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  1. California's Coming Crackdown on Pot: What Do You Do if You Need It?

    19 October 2011
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    Four California-based U.S. attorneys have announced their intent to prosecute the medical-marijuana dispensaries, growers and delivery services that are breaking state and federal laws. What constitutes violations of law, however, is murky — and may put the very existence of the dispensaries at risk.  "California law says that it's essentially O.K. to grow, have and transport marijuana if you're a patient authorized by a doctor or if you're the patient's primary caregiver and if you're providing the marijuana not for profit," a spokesman for the U.S. attorney says. "Stores are violating California law because they're operating at a profit and they're not a primary caregiver. It's very clearly laid out."

  2. Fear and loathing surrounds decriminalisation

    18 June 2011
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    "The war on drugs has failed," said a recent report compiled by the Global Commission on Drug Policy, which comprised a former UN secretary-general, former presidents of Mexico, Colombia and Brazil, a former US Secretary of State and a host of public intellectuals, human rights activists and politicians.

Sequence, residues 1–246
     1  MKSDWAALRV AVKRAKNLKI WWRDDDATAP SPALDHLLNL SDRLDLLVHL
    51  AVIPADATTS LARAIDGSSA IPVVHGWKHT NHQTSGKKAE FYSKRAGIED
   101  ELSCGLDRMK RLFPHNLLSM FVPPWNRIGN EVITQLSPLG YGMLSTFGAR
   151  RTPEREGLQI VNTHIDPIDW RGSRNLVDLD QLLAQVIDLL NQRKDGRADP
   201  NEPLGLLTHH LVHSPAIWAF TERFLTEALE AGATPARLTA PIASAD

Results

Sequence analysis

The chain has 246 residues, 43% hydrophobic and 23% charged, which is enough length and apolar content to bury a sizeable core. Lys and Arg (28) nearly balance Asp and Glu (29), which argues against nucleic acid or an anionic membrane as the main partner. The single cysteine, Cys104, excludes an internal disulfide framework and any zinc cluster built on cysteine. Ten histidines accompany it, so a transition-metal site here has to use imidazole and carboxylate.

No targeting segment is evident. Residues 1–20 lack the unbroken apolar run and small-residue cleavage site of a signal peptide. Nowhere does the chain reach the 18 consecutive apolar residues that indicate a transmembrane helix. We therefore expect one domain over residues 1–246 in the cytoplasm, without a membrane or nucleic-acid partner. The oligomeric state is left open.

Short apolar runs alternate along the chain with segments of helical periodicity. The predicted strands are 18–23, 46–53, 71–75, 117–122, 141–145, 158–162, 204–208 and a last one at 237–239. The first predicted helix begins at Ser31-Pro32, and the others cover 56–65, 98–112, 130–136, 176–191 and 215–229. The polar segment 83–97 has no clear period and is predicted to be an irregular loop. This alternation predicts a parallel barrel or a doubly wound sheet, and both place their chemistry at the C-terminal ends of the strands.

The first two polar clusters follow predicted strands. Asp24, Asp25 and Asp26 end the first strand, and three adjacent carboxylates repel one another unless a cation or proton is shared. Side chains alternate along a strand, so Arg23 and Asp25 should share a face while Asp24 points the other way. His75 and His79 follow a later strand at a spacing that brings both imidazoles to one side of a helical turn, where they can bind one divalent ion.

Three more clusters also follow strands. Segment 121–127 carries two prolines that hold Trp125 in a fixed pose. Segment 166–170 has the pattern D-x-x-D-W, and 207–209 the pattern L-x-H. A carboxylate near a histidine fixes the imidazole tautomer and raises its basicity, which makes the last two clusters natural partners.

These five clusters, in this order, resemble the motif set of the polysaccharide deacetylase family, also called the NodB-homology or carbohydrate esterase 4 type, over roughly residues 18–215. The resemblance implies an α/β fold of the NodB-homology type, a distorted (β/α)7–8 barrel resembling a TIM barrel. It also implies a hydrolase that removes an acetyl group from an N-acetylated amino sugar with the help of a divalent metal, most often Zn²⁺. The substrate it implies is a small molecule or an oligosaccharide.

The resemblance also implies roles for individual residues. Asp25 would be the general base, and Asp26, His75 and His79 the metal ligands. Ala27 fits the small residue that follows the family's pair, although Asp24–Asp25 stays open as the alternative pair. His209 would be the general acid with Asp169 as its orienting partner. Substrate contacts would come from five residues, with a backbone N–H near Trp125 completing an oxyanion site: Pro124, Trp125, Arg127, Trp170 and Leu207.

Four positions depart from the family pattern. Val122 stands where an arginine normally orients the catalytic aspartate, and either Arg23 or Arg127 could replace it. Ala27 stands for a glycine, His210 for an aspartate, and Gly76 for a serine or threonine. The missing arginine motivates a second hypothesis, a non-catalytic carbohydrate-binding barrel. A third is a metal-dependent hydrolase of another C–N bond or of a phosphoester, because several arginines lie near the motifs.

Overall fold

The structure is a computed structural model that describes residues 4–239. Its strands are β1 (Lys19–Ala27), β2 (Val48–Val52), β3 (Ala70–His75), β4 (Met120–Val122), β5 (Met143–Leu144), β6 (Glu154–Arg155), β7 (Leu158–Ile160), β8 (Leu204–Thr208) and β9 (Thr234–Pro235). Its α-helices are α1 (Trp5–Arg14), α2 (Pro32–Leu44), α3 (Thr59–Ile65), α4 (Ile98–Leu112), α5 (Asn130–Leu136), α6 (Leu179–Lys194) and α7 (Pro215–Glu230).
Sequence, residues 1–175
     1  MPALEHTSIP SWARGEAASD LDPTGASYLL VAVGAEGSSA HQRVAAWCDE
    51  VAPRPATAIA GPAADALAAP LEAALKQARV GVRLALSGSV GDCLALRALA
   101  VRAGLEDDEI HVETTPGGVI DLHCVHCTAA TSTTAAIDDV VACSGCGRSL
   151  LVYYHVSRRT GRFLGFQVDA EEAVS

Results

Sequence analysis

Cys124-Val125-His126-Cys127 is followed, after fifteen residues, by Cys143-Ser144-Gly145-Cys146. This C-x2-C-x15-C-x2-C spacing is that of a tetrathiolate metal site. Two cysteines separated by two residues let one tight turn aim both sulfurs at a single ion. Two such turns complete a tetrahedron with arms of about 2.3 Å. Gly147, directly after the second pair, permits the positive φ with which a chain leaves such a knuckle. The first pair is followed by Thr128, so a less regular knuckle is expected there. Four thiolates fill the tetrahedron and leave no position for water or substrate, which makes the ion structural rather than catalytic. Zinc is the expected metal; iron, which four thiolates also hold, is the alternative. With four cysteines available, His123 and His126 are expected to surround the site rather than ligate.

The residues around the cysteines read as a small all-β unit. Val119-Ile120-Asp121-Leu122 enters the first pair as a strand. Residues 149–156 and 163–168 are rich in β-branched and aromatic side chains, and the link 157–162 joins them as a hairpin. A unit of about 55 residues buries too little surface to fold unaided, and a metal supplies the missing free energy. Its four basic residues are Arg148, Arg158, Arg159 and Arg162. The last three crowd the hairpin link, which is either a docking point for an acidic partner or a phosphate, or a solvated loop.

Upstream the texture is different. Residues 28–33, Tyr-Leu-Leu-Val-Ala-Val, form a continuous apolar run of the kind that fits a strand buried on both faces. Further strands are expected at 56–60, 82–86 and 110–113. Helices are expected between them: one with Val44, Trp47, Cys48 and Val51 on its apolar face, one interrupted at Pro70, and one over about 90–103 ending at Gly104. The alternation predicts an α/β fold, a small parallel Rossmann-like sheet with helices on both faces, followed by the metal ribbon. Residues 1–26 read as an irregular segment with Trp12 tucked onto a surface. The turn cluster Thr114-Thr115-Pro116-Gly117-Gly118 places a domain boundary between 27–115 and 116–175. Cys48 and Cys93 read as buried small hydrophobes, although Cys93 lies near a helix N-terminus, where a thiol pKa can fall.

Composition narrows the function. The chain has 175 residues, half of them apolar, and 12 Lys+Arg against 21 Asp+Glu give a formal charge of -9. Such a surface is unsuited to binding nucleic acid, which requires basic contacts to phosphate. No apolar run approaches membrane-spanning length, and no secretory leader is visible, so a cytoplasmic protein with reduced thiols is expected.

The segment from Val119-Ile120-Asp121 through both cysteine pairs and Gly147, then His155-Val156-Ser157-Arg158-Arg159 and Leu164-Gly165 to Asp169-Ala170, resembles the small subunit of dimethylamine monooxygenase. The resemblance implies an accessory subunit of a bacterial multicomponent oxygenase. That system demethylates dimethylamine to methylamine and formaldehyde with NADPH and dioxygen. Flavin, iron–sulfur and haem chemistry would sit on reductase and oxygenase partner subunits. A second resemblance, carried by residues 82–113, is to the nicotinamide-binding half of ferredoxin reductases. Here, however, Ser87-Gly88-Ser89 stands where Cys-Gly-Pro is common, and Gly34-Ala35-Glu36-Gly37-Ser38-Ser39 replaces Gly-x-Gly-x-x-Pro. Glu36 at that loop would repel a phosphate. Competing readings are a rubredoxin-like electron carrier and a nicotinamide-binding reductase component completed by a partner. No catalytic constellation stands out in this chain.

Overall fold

3. Pot Penalties May Be Modernized

    David Downs
    18 May 2011
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    Sponsored by San Francisco Assemblyman Tom Ammiano, AB 1017 aims to give prosecutors more discretion in how they charge weed growers and processors, called "trimmers." According to the bill's author, Mendocino County District Attorney C. David Eyster, mom-and-pop trimmers — many of them economically desperate victims of the country's recession — currently face a felony punishable by sixteen months, or two or three years in prison for manicuring buds. That's because existing law "requires that every person who plants, cultivates, harvests, dries, or processes any marijuana, or any part thereof, except as otherwise provided by law, be punished by imprisonment in the state prison."

  4. The Prospects for Drug Reform: California

    09 February 2011
    Other news

    The West Coast is a different world when it comes to progress on drug policy reform. Three of the four states most likely to see strong pushes for marijuana legalization in the next couple of years are on the West Coast (the other being Colorado). And medical marijuana is a fact of life from San Diego to Seattle. But it's not just pot politics that makes the West Coast different. The region has also been a pioneer in sentencing reform and harm reduction practices, even if countervailing forces remain strong and both policy areas remain contested terrain.